The importance of community in gaming and the potential for Web3 to foster new levels of engagement has always been central to Forte’s vision for the space. We believe it enables wholly new modes of organization and interaction within those communities. It’s hugely encouraging to see both veteran game developers and newer studios begin to recognize that potential and align behind it as a core value of Web3.
The art of tokenomics
Economy design and tokenomics were two of the most commonly cited challenges that developers and game designers have encountered. While designing well-balanced and rewarding game economies in Web2 is by no means a fully solved problem, introducing real ownership and value into games with tokenized assets adds a new layer of complexity and risk to an already challenging process.
“Game economies are so complex and fragile that any change you make has all these ripple effects,” said Dan Nikolaides, CTO of Studio 369. “It’s extremely complicated to make these economies work even before you add Web3 to the mix.”
At GDC, developers consistently raised the issue of balancing the interests of a new class of economically motivated players against those of traditional, fun-seeking gamers. The consensus was that developers should focus on building strong core games that can appeal to traditional gamers. From that foundation, they are exploring ways to enable players to exchange value in a balanced way, ultimately creating opportunities for more financially motivated players, too.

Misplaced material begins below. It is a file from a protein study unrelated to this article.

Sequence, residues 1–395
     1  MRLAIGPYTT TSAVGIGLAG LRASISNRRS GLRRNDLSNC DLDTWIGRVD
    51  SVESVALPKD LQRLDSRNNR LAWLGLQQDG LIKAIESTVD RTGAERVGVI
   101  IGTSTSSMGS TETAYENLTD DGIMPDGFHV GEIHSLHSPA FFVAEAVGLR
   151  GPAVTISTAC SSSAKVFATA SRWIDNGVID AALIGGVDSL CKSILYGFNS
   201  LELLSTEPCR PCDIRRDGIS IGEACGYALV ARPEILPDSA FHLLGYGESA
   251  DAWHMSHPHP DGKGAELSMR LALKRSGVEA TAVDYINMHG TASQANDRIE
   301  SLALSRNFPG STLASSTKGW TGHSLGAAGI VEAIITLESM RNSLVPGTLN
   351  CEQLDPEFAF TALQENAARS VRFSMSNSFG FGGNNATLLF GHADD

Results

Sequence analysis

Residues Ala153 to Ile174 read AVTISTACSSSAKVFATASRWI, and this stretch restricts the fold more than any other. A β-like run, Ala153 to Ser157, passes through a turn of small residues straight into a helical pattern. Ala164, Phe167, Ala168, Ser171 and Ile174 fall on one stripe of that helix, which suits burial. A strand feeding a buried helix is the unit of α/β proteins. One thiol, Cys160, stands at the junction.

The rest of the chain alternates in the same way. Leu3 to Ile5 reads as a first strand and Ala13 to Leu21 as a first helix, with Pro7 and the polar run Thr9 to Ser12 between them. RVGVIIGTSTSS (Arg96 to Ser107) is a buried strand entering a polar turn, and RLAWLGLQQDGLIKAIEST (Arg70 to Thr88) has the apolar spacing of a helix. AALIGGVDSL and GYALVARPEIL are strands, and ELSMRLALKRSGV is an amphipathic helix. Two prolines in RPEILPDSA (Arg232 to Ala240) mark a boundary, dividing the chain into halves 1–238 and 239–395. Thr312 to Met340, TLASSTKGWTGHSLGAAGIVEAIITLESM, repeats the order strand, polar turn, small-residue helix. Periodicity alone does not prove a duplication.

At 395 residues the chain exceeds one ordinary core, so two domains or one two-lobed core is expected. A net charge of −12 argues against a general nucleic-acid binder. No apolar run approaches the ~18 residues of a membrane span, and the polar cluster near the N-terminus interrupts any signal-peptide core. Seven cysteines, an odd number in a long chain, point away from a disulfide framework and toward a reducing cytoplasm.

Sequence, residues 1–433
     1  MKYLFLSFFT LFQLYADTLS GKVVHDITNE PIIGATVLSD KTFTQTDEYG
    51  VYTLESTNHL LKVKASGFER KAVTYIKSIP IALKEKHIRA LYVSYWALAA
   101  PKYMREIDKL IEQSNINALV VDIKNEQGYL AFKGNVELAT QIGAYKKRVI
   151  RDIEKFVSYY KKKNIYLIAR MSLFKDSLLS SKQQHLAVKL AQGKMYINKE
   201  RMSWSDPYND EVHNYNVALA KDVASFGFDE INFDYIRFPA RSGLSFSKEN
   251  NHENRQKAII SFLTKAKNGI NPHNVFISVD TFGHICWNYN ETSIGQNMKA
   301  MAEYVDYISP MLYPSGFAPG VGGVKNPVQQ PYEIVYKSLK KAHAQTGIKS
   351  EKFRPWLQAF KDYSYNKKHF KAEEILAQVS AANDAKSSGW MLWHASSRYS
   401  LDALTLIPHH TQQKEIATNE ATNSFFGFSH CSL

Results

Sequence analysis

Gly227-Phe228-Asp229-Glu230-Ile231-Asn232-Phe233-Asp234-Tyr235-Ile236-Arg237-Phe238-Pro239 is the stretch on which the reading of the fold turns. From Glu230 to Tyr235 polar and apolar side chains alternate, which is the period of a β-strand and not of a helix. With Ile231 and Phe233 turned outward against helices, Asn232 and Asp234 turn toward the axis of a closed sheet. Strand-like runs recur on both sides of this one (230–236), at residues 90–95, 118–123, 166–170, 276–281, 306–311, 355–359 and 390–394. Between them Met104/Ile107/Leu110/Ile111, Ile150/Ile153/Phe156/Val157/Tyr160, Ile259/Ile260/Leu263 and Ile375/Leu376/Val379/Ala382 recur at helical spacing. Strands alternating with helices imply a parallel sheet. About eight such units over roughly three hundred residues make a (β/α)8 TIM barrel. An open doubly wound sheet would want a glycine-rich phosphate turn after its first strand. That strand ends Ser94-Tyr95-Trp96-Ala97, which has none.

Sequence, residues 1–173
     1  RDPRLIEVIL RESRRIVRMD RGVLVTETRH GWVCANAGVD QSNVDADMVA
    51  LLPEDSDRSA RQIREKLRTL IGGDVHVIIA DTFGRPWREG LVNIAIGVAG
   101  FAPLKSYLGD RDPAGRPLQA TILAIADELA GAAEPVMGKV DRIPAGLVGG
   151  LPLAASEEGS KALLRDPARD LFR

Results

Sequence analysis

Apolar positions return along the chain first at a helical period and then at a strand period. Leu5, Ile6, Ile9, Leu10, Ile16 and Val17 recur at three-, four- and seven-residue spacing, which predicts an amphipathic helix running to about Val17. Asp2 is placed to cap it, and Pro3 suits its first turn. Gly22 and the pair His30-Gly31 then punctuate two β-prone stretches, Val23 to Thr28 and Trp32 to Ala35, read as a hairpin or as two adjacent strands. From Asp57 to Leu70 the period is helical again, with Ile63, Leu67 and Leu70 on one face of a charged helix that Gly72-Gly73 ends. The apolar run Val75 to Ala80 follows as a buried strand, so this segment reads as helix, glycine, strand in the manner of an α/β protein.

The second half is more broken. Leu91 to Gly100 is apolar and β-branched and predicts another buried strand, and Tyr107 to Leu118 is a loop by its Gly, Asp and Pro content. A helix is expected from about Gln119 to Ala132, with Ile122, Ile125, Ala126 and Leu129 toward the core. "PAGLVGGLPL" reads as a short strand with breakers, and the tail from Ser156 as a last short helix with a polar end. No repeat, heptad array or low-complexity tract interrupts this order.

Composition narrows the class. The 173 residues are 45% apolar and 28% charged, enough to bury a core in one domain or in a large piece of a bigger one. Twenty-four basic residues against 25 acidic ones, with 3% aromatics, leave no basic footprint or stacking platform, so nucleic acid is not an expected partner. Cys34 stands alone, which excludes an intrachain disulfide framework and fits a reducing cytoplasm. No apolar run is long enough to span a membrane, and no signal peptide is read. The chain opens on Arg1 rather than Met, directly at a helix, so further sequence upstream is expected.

The need to create a better economic balance in games with real player ownership is a key part of Forte’s work. We’re giving developers the tools to experiment with economic models and implement the one that’s right for their game, supporting them with guidance based on our own extensive research and modeling.
Developers recognize the value potential of Web3 economies and open value exchange in their games. But it’s also clear that this is uncharted territory for most teams, and they are looking to Web3 native platforms with experience in these areas for guidance. In other words, partnerships in Web3 gaming are more important than ever.